The following first appeared Oct. 3, 1995, in the Tribune:
A solo violinist who plays regularly for thousands of strangers might get shaky knees in a similar recital facing old friends and neighbors. It was like that when I gathered some things together and made an appointment with the Tribune's managing editor, Jim Robertson. I'd pleased some pretty important editors by mail, but I had never sat across the desk from one.
"You wouldn't want to buy any of my stuff, would you?" I asked, or words to that effect.
Robertson said, "Let me see what you have there," and I handed him a copy of some things I'd written for my seven grandchildren. "Granny's Notes," he read on the cover. "That's what we'll call it!"
It was that simple.
How fast the 52 Mondays have flown by! Writing for the home front is great fun. One week the auctioneer who sold me that truckload of used ice skates punched me on the shoulder and said, "I enjoyed that; I sold those skates to Manuel for 50 cents a pair, through the years." A longtime acquaintance and friend called about one of my early articles and said, "Oh, then you mean that your family really did have a fire and live in a tent for five months?" Yes, Dorothy, what I write is true to the best of my knowledge. If it's not, I'll say so.
Early on, a woman called the Tribune and asked, "Who is that Sue Gerard, anyway?" When told, "She's a pot thrower," she misunderstood and thought I was a pot grower! Not so. I "throw" pots of clay, on a potter's wheel.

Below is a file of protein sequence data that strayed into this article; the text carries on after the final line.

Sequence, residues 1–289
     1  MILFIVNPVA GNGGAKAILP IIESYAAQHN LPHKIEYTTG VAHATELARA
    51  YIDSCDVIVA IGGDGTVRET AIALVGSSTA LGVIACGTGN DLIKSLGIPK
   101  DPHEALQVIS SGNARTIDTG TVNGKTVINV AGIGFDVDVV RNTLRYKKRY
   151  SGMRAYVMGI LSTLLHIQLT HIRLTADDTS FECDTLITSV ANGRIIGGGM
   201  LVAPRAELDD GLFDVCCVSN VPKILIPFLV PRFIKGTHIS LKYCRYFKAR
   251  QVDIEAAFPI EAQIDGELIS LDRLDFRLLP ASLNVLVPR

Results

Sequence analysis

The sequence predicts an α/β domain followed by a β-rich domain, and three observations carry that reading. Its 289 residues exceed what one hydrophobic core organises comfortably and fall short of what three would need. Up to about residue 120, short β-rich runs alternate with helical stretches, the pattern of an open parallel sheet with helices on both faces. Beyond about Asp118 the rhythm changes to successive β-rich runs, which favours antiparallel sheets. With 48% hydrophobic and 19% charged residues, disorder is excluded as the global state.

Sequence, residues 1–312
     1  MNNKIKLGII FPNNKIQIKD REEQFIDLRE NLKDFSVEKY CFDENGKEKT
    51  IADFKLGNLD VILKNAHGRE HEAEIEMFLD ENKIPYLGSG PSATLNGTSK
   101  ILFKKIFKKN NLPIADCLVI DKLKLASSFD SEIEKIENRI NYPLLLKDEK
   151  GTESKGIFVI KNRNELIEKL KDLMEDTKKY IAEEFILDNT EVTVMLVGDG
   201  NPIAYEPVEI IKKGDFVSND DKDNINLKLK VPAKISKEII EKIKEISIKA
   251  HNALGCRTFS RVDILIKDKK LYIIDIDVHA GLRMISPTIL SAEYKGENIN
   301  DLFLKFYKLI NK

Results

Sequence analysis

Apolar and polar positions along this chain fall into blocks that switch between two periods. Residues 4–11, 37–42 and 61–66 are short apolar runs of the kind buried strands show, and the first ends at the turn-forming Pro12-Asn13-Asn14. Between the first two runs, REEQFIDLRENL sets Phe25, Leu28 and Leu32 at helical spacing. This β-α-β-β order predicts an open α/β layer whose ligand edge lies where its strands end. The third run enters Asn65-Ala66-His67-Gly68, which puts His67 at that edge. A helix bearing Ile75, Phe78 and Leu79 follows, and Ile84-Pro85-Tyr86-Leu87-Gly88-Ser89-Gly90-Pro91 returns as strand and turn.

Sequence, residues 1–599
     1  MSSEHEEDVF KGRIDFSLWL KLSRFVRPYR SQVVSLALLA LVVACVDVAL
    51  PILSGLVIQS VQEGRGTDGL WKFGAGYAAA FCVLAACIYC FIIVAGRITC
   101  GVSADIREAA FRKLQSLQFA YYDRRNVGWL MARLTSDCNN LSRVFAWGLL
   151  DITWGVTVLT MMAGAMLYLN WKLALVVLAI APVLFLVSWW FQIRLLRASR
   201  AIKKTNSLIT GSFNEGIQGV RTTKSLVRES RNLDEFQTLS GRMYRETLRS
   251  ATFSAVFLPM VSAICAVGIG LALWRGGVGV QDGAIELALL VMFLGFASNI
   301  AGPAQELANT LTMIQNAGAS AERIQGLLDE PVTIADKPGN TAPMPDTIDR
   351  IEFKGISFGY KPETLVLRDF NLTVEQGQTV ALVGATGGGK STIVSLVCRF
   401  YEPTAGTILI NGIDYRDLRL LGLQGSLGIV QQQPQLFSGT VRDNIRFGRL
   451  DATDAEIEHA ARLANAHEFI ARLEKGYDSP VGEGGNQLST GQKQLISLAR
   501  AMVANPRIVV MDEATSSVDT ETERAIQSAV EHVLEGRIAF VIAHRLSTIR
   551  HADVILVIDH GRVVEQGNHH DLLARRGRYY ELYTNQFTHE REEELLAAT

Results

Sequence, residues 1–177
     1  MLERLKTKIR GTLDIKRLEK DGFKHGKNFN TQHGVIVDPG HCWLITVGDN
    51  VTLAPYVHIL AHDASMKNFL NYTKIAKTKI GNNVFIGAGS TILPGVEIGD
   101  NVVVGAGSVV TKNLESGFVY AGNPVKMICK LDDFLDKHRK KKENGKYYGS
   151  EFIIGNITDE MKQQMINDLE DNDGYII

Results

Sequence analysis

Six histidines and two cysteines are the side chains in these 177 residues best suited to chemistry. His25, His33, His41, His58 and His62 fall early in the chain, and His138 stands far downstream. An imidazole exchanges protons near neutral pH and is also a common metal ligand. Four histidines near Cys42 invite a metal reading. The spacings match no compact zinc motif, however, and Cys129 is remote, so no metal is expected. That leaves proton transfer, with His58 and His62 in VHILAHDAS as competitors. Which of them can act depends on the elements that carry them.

Friends often say, "Tell about the time when we did this or that." I reply, "I'll think about it." People stop me on the street to say, "When you run out of ideas, do one about ..." I appreciate that, but the well is not going dry. There are five more volumes like the one Jim Robertson saw. He gave me free rein but suggested I keep each column to 500 to 600 words. That requires careful rewriting because I'm naturally wordy.
I used to meet our rural Tribune delivery person at midafternoon each Monday and search for "my" special page. Someone unknown to me wrote the titles, but I was usually happy with them. Once, when I omitted a word, someone inserted a word of a different meaning, and I was embarrassed because many readers know me well. Our roots here are deep.
My grandfather came to Boone County about 1860. Grandpa James L. Henry was a farmer, merchant, Confederate soldier and stagecoach driver between Sturgeon and Centralia. His oldest son, John L. Henry, was elected to Boone County offices for 24 consecutive years. Grandpa's oldest daughter was the wife of probate judge Arthur Bruton. Uncle Lawrence survived the trenches of World War I.
My brother and I were born on a dairy farm located near Stephens College's golf course. We both attended elementary and high schools operated by the University of Missouri and have bachelor's and master's degrees from MU. Our adult children and their families live here. We're pretty local, I'd say.
I still face each Monday with anticipation, but my knees shake no more!